Why do projects fail?
Schedule slippage, quality flaws and budget overruns are the familiar symptoms of a project in trouble. In business projects such problems are sadly all too common and improving success rates is one of management’s greatest challenges. It’s estimated that project failures cost the global economy hundreds of billions of dollars annually (if not a trillion dollars). To illustrate the point, our “Catalogue of Catastrophe“ provides an ongoing record of some of the most notable and interesting project failures from around the world.
Such loses are a drag on the economy, a threat to the viability of the organizations executing the projects and stressful for the individuals involved. To help organizations improve project success rates, and to act as a learning resource for Project Managers around the world, this site is dedicated to answering the questions “why do projects fail?” and “how can we improve success rates?”
Although simple questions to ask, the answers have many parts and many layers. Those layers mean that the causes of failure can be viewed at a number of different levels. For example if a project underestimates how much work is involved (and hence fails because it runs out of money) you could regard the bad estimate as the cause of failure. While there is some truth in that, such a perspective is a very shallow one and under the surface there are likely a number of other contributing factors. For example tracing back through the root causes you might find that the failure to establish the project’s full scope before committing to and publishing the estimate was an underlying factor and beyond that may be other layers of contributing factors. To establish the true causes of the failure we often need to peel back the layers of the onion and think hard about contributing factors that led up to the situation within which the failure was able to occur.
Figure 1 provides a starting point for such a discussion. As the diagram shows, the common indicators that a project is in trouble are schedule and budget overruns, quality problems or the fact that the product produced by the project have failed to meet the organization’s real business needs. These outcomes are however just symptoms and the real causes of failure lie at a deeper level. These deeper factors can be divided into two general categories; Trigger events (individual actions, mistakes or problems that lead to or contributed to the failure) and Behavioural patterns (broader structural problems in the way the project is approached or managed). Sometimes a failure can be triggered by one small error or mistake made somewhere along the line (as happened in the case of the de Havilland Comet), while other times the failure is reflective of a dysfunctional environment within which multiple problems are allowed to grow over extended periods of time (such as in the Census Bureau’s failed Field Data Collection Automation project)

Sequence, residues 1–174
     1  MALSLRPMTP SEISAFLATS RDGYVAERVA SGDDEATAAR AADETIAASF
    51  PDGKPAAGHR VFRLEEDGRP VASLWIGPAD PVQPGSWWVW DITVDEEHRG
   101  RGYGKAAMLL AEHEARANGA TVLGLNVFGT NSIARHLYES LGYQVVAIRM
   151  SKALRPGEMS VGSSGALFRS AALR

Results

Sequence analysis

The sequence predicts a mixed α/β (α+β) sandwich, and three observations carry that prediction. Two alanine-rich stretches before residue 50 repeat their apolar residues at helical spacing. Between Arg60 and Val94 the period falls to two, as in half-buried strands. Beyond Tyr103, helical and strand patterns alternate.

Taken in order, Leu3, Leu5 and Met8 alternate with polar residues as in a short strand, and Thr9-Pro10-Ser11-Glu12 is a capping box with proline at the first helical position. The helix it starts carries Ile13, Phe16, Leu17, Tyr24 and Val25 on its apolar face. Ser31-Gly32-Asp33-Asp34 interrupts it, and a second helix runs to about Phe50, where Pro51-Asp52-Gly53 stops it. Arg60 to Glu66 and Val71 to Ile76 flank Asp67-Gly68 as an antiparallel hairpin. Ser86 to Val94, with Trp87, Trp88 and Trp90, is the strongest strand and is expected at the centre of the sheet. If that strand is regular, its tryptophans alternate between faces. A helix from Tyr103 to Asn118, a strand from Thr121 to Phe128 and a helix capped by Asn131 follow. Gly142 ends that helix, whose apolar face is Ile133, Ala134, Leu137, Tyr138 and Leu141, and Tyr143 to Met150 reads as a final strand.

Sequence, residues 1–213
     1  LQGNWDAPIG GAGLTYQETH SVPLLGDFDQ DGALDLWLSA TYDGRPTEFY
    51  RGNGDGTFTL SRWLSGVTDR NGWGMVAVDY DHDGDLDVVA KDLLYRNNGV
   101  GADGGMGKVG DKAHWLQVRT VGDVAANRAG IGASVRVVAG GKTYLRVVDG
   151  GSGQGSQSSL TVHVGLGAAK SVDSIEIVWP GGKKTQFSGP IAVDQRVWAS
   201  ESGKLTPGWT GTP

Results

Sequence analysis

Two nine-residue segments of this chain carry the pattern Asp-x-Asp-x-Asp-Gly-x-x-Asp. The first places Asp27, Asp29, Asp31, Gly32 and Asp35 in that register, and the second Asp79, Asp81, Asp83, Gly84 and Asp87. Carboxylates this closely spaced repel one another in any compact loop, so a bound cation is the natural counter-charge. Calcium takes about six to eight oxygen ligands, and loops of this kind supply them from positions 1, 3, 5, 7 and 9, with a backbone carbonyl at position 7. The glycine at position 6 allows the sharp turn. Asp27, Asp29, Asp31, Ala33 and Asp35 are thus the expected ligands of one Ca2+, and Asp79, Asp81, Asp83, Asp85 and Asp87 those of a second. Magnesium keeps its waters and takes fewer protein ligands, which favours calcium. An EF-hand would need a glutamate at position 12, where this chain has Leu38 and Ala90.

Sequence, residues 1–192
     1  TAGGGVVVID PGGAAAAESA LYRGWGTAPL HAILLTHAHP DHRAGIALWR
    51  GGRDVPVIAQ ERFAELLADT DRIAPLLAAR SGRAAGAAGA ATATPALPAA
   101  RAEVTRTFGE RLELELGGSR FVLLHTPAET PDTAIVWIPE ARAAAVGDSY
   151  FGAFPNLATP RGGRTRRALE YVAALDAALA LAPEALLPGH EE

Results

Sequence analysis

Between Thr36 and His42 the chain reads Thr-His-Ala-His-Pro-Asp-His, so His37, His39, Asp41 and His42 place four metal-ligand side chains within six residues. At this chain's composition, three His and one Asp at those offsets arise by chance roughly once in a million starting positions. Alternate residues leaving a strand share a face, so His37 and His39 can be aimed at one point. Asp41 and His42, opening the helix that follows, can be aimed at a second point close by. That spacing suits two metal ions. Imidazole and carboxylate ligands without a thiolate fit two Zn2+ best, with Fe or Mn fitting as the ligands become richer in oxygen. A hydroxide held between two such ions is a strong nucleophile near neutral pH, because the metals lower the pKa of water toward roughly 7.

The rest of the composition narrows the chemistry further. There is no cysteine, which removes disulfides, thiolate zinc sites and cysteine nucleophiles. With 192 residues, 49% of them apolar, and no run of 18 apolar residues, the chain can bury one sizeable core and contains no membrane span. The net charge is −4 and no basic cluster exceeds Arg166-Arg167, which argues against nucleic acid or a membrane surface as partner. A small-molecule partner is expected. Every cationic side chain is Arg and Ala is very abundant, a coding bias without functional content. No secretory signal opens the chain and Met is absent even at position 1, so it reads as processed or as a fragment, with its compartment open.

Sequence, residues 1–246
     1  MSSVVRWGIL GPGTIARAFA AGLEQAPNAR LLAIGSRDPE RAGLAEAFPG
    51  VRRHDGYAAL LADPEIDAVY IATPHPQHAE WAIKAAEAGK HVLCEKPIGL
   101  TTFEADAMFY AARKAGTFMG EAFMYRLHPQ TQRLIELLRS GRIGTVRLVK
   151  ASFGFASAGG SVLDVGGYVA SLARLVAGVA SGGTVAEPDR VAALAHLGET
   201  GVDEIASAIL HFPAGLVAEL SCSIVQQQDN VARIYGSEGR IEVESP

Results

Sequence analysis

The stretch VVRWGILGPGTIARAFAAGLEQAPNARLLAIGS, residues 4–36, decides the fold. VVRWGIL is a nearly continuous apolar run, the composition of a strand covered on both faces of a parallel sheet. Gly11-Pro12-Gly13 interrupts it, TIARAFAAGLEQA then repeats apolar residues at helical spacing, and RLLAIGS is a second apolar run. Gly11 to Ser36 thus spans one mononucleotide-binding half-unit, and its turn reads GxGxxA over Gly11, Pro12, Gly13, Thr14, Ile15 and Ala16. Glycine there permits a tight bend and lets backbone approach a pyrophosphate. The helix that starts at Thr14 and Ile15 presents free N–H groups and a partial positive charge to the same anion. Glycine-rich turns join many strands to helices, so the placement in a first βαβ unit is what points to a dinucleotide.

At an even more elemental level these contributing factors are themselves a reflection of deeper seated issues relating to the way decisions are made in the project or the organization as a whole. Although we traditional think of projects in terms of the activities needing to be performed, at a more basic level projects are made up of networks of interrelated decisions (Figure 2). Decisions are the stepping-stones of progress in a project and the outcomes a project attains is usually directly correlated to the effectiveness of the decisions made. If a team consistently makes good decisions, the chances of project success are high. If they make too many bad decisions, the chances of success are greatly reduced. Sadly dysfunctional or ineffective decision making is all too common and issues such as: lack of situational awareness, cognitive biases, political forces, organizational cultural factors and many other dynamics, often negatively influence the way project decisions are made.
Furthermore it is not only the decisions made by the project team themselves that can affect outcomes, it is also decisions made either directly or indirectly by the extended team (stakeholders and sponsor) or those who control the environment in which the project is operating. For example if Senior Management of the organization decides not to invest in proper training for their staff, the chances of problems in the project may be increased. As such when considering failures we need to look beyond what the team did and consider the broader context within which the project exists.
Common sources of project failure
Often the best way to understand the causes of project failure is to study prior projects that have failed. Although people sometimes fear discussing such issues (because of the politics involved or the fear of being held accountable for mistakes that were made), the study of failed projects provides the rich context within which underlying root causes can be witnessed and understood. To overcome the fears people may have the Catalogue of Catastrophe provides a database of samples that can be used as a platform for discussing the causes of project failure. The use of publically available information helps eliminate the personal aspects of the discussion and opens the door for more open exchanges between participants.